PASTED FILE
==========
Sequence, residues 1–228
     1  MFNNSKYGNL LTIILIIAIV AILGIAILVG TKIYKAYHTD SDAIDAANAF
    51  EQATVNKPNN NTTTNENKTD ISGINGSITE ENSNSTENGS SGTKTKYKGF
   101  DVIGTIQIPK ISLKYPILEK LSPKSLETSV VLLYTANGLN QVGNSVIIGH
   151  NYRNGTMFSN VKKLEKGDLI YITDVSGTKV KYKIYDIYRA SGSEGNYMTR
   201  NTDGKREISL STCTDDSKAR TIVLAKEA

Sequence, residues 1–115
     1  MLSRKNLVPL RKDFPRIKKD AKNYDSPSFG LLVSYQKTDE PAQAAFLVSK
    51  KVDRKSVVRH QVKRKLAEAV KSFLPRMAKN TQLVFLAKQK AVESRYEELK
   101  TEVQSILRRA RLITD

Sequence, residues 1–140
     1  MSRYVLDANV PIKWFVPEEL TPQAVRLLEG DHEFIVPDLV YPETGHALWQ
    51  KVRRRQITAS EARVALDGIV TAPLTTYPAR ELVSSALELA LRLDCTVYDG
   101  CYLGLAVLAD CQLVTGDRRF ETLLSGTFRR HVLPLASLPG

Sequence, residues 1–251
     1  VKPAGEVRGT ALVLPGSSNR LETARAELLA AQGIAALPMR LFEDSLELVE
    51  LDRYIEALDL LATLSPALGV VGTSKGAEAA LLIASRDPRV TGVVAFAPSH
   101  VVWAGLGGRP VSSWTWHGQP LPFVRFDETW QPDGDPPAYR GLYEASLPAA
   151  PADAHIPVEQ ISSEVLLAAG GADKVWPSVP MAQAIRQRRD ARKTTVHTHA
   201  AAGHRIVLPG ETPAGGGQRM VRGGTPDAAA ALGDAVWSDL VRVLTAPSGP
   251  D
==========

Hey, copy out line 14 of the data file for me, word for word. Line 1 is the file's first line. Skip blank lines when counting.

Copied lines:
   101  CYLGLAVLAD CQLVTGDRRF ETLLSGTFRR HVLPLASLPG